Body Mass and Weekly Training Distance Influence the Pain and Injuries Experienced by Runners Using Minimalist Shoes

A Randomized Controlled Trial

Joel T. Fuller, Dominic Thewlis, Jonathan D. Buckley, Nicholas A.T. Brown, Joseph Hamill, Margarita D. Tsiros

Research output: Contribution to journalArticle

8 Citations (Scopus)

Abstract

Background: Minimalist shoes have been popularized as a safe alternative to conventional running shoes. However, a paucity of research is available investigating the longer-term safety of minimalist shoes. Purpose: To compare running-related pain and injury between minimalist and conventional shoes in trained runners and to investigate interactions between shoe type, body mass, and weekly training distance. Study Design: Randomized clinical trial; Level of evidence, 2. Methods: Sixty-one trained, habitual rearfoot footfall runners (mean ± SD: body mass, 74.6 ± 9.3 kg; weekly training distance, 25 ± 14 km) were randomly allocated to either minimalist or conventional shoes. Runners gradually increased the time spent running in their allocated shoes over 26 weeks. Running-related pain intensity was measured weekly by use of 100-mm visual analog scales. Time to first running-related injury was also assessed. Results: Interactions were found between shoe type and weekly training distance for weekly running-related pain; greater pain was experienced with minimalist shoes (P <.05), and clinically meaningful increases (>10 mm) were noted when the weekly training distance was more than 35 km/wk. Eleven of 30 runners sustained an injury in conventional shoes compared with 16 of 31 runners in minimalist shoes (hazard ratio, 1.64; 95% confidence interval, 0.63-4.27; P =.31). A shoe × body mass interaction was found for time to first running-related injury (P =.01). For runners using minimalist shoes, relative to runners using conventional shoes, the risk of sustaining an injury became more likely with increasing body mass above 71.4 kg, and the risk was moderately increased (hazard ratio, 2.00; 95% confidence interval, 1.10-3.66; P =.02) for runners using minimalist shoes who had a body mass of 85.7 kg. Conclusions: Runners should limit weekly training distance in minimalist shoes to avoid running-related pain. Heavier runners are at greater risk of injury when running in minimalist shoes. Registration: Australian New Zealand Clinical Trials Registry (ACTRN12613000642785).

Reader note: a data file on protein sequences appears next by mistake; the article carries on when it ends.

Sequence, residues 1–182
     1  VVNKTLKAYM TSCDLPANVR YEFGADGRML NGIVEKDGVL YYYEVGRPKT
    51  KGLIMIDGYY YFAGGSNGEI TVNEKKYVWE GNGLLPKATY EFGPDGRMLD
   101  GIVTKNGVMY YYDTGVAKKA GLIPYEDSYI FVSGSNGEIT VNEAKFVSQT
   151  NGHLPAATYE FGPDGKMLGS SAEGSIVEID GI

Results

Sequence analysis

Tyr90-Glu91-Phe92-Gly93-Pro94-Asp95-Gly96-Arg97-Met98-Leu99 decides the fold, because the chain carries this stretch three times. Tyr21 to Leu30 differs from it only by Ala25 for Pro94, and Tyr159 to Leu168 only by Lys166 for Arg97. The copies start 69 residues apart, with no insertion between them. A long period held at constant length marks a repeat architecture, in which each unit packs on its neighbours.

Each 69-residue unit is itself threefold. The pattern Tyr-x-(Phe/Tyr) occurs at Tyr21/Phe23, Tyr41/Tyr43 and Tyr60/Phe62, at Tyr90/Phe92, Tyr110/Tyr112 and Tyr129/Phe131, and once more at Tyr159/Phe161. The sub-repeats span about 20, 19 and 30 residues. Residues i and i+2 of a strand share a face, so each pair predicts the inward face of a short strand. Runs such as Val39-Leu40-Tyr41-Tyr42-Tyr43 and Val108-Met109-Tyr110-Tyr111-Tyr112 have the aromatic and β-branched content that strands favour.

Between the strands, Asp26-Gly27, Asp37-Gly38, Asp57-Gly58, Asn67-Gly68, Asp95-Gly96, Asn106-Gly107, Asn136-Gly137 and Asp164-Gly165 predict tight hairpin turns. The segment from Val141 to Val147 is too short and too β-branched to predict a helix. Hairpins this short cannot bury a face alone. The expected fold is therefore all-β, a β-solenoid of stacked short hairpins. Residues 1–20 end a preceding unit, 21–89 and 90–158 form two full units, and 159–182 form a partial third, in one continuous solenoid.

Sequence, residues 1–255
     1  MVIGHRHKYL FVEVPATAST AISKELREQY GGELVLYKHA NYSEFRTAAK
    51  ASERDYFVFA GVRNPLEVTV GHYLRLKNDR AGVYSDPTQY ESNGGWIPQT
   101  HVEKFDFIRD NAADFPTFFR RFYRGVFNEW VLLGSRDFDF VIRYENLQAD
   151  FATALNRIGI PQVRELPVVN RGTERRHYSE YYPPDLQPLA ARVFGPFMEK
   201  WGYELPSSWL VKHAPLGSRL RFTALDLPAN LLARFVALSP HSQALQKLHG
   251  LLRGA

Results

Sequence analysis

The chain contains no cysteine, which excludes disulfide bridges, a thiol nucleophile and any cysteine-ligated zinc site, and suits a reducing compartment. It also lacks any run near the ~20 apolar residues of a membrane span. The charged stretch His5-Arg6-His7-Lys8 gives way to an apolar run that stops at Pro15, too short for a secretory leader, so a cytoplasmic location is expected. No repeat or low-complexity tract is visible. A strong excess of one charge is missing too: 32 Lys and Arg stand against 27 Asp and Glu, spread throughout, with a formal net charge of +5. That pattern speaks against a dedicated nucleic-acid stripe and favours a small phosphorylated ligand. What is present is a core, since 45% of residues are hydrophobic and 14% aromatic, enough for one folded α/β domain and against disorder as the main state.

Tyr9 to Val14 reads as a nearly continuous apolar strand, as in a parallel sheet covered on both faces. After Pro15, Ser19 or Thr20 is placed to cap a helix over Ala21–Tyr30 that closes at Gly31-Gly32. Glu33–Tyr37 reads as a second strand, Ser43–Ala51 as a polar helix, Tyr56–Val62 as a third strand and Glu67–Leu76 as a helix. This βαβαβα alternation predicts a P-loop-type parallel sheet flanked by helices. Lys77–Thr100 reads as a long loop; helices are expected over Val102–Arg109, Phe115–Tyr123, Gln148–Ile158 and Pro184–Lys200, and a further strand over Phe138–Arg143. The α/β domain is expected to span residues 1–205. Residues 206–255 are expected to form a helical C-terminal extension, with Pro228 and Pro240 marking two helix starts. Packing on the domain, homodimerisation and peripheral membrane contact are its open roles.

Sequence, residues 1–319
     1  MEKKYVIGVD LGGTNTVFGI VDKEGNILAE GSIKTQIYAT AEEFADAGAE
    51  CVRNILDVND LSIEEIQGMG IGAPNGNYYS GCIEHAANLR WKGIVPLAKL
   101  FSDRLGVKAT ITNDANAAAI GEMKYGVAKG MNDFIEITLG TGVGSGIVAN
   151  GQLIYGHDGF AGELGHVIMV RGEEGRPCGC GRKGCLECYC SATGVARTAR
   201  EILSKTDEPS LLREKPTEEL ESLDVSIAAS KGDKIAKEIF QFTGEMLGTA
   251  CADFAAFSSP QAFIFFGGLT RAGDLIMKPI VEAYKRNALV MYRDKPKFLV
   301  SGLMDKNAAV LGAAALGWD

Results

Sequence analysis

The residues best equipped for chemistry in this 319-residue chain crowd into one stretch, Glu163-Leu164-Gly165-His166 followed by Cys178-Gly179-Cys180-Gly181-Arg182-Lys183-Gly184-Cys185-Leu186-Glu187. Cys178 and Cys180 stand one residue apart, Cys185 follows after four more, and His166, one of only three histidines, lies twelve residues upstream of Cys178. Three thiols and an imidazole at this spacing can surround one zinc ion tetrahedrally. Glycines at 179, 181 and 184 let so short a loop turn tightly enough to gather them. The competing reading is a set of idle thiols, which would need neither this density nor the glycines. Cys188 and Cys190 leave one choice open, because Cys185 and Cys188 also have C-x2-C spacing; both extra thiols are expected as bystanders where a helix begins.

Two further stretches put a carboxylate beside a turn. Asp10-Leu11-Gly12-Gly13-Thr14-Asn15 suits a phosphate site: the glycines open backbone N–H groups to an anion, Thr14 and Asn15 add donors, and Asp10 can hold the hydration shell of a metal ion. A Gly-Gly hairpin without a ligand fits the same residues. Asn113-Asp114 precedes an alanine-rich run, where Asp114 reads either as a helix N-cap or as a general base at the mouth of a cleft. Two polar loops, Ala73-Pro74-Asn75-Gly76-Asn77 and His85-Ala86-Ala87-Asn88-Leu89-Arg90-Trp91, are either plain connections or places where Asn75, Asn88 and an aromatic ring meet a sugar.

Original languageEnglish
Pages (from-to)1162-1170
Number of pages9
JournalAmerican Journal of Sports Medicine
Volume45
Issue number5
DOIs
Publication statusPublished - 1 Apr 2017
Externally publishedYes